The question of whether the pandemic serves as an opportunity or threat to the ASEAN transition from coal to renewables remains debated.
Understandably, governments may choose to direct efforts toward economic recovery as soon as the current situation settles. It is therefore not impossible that they will fall back on coal power to help boost their economies, in terms of providing cheaper electricity as well as continuous employment. In fact, several countries have already realigned state budgets and slashed renewable energy funds to reallocate for what they consider as more pressing problems.
Governments will be overwhelmed with economic priorities and may sideline sustainability programs currently in place. Likewise factors from, labor restrictions and to supply chain disruptions have postponed renewable energy projects, which combined, could make see Asia delay around 150GW of projects. The cost will also add to the burden as material supply shortages bite, thus, leading to an inevitable increase in prices. Even individuals will rethink their priorities; the Indonesian PV market has plunged while EV markets globally have slumped as consumers struggle to look beyond only essential spending.
On a more positive note, the energy shift can remain a possibility if factors such as government support, financing and credit terms, demand, and cost are in line with this vision. As the world battles the virus, renewable energy proves its resilience and even registers growth in demand as opposed to fossil fuels. Most countries report 18 to 25 per cent drop in energy demand due to movement restrictions in place. Analysts estimate that the total energy demand for 2020 will suffer a significant drop. Renewables, on the other hand, have spiraled mainly because of cheaper operating costs and the completion of existing projects.
While normalcy is the primary goal of governments after COVID-19, building the future cannot be disregarded. Southeast Asia cannot afford to go through another crisis, neither of health nor of climate. A sustainable energy system – one that provides employment and reduces reliance on carbon – can stimulate the region’s economic growth. With some positive signs that governments across ASEAN will not be turning their backs on a greener energy future, what will the role of the corporate buyer be in driving the region’s energy transition?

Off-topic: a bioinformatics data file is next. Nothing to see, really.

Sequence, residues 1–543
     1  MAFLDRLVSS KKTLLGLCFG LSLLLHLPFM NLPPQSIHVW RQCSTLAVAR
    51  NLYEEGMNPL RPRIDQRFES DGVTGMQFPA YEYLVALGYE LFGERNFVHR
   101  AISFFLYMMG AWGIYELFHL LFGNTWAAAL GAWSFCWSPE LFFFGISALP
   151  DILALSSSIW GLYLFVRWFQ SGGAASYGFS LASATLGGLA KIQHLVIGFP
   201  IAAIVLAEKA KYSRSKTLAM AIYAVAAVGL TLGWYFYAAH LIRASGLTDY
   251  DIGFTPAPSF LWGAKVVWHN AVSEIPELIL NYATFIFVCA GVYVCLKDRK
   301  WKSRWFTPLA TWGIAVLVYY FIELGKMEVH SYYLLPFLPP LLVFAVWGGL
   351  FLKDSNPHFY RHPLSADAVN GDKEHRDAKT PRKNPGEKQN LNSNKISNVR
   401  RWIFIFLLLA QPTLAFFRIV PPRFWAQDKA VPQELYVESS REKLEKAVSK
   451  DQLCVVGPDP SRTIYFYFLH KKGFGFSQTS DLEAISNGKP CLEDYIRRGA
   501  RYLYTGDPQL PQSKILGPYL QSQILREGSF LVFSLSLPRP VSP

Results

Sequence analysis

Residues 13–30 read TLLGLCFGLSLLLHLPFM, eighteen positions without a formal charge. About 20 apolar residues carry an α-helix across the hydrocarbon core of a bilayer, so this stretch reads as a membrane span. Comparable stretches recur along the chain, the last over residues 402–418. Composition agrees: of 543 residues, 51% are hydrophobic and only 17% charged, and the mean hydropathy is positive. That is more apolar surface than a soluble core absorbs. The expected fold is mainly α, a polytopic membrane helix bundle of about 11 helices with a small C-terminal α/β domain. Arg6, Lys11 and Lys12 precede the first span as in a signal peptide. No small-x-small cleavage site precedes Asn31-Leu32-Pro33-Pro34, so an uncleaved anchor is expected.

An increasing number of MNCs had committed to the RE100 initiative prior to the COVID-19 pandemic, there was a potential for these C&I buyers to have the ability to positively impact the energy transition and indeed maybe even government policy across the region as they shifted both their own operations, and those of their supply chain, to low carbon energy solutions.
As we search for the new normal, what will the role of corporate power buyers be in driving the ASEAN energy transition? Which organizations are considered winners and losers in this situation? Will green initiatives such as RE100 remain a priority, despite regional government priorities? How do green corporate buyers see the “new normal”? In any case, does it translate to a “green normal” as well? Can the renewable energy market handle the energy transition given the economic disruptions and supply chain restrictions? What is the current investor appetite for renewable projects? Are Renewable Energy Certificates (RECs) still attractive and the right tool in driving a lower carbon future? Does the rise of digitization equate to the acceleration of a cleaner energy future for Southeast Asia?
The answers to these questions will influence the success of ASEAN’s energy transition, so long as government strategy and policy act as the enabler.
Watch the recording of the webinar HERE to hear what industry leaders had to say to these important questions featuring:
- May Liew, Head of Sustainability and Open Innovation, SP Group
- Ashwin Naranayan, Head of Special Projects, Malakoff Corporation Berhad
- Vincent Bakker, Co-founder & CFO, Positive Energy Ltd
- Adrian Wong, Partner, CMS Law